FEMA Building Resilient Infrastructure and Communities (BRIC) Grant Program
The Federal Emergency Management Agency's (FEMA) Building Resilient Infrastructure and Communities (BRIC) grant program is designed to support state, territorial, and local governments and federally recognized tribes in their efforts to undertake hazard mitigation projects to reduce risks stemming from natural hazards and disasters. BRIC funding is available on an annual basis in states that have received a presidential disaster declaration in the past seven years from the date when FEMA issues a Notice of Funding Opportunity. The purpose of the BRIC grant program is to provide a consistent, sustainable source of federal pre-disaster funding to shift the focus away from post-disaster recovery spending by building community resilience before future hazards and disasters occur. The BRIC program replaced FEMA’s Pre-Disaster Mitigation grant program that served a similar purpose, but was administered differently and was not prescribed by Congress to be available on an annual basis.
Purpose: Through the BRIC program, FEMA is enhancing the amount and consistency of pre-disaster funding available to increase resilience within communities and attempt to mitigate hazards before they occur.
Eligible Uses: BRIC funds can be used for "capability- and capacity-building" activities (i.e., building codes activities, partnerships, project scoping, and planning and planning-related activities), hazard mitigation projects, and project management costs. FEMA can also fund projects that utilize innovative project designs and/or partnerships. To be eligible for BRIC funding, projects must:
- be cost-effective (according to FEMA’s Benefit-Cost Analysis requirements);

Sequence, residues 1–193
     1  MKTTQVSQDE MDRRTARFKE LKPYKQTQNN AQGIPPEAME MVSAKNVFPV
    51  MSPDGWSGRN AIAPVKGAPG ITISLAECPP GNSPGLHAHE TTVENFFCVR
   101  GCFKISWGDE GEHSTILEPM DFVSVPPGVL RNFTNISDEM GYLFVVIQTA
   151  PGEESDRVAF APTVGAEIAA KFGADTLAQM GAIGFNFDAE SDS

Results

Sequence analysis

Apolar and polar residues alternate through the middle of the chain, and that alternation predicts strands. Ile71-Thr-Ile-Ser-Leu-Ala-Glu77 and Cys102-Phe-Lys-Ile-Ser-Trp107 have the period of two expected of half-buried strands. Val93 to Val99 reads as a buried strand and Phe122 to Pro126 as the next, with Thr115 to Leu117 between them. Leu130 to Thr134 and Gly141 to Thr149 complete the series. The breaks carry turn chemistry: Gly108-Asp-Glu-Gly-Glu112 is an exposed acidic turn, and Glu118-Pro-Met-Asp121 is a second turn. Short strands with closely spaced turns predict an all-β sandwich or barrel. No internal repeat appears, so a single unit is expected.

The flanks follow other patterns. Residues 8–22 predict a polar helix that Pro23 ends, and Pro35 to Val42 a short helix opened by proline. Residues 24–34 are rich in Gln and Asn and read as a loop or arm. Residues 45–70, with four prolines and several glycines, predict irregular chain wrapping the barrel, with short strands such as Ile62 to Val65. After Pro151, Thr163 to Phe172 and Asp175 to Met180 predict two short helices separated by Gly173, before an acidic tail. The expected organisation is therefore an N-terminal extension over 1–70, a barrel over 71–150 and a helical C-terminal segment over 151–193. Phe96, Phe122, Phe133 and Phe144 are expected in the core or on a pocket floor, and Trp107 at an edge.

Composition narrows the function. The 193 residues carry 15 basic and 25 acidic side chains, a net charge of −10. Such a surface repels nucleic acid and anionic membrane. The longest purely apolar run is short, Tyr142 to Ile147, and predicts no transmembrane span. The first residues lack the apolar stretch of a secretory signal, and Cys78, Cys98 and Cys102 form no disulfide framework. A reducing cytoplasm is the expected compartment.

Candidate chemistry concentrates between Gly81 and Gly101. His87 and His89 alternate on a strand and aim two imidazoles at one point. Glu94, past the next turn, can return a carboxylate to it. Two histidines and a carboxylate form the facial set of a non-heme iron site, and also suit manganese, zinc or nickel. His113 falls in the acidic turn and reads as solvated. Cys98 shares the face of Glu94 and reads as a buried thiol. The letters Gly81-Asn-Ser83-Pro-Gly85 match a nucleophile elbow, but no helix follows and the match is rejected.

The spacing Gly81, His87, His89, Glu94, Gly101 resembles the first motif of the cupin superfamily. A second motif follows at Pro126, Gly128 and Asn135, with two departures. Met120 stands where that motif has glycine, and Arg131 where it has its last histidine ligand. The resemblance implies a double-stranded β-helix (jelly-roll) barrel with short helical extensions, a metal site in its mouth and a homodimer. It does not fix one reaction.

- decrease risk and impacts of future potential natural hazards;
- meet the 2015 or 2018 International Building Codes;
- be consistent with the applicant's FEMA-approved hazard mitigation plans; and
- satisfy historic preservation and environmental compliance requirements.
Potential Adaptation Uses: BRIC funding can be used to fund capability- and capacity-building activities and projects related to hazard mitigation and climate adaptation. For example, BRIC funding can be used to increase building standards to make structures and assets more resilient to climate change and disaster events (e.g., retrofitting hospitals for hurricane preparedness) or to implement nature-based solutions to mitigate flood risk and produce community and ecosystem benefits (e.g., voluntary floodplain buyouts). Additionally, BRIC grants for "capability- and capacity-building" activities can be used to incorporate climate considerations into hazard mitigation plans and/or to complement the development of climate adaptation plans or project-specific plans. Further, FEMA's priority of implementing nature-based solutions in BRIC funded projects is particularly noteworthy.
Eligible Grantees: Under the BRIC program, FEMA classifies eligible grantees as either an “applicant,” or “subapplicant.” The biggest difference between the two is that only applicants can submit an application directly to FEMA. Subapplicants must work with an applicant to have their projects included as part of an application to FEMA. Specifically, states, territories, and federally recognized tribal governments are funding applicants, while state, territorial, and tribal agencies and local governments are subapplicants. Subapplicants can apply for BRIC funding through their respective state, territory, or federally recognized tribal government applicants.
To be eligible, applicants must be within a state or territory that has received a presidential disaster declaration within seven years preceding the date the grant application opens. Additionally, both applicants and subapplicants must have FEMA-approved hazard mitigation plans before the application deadline.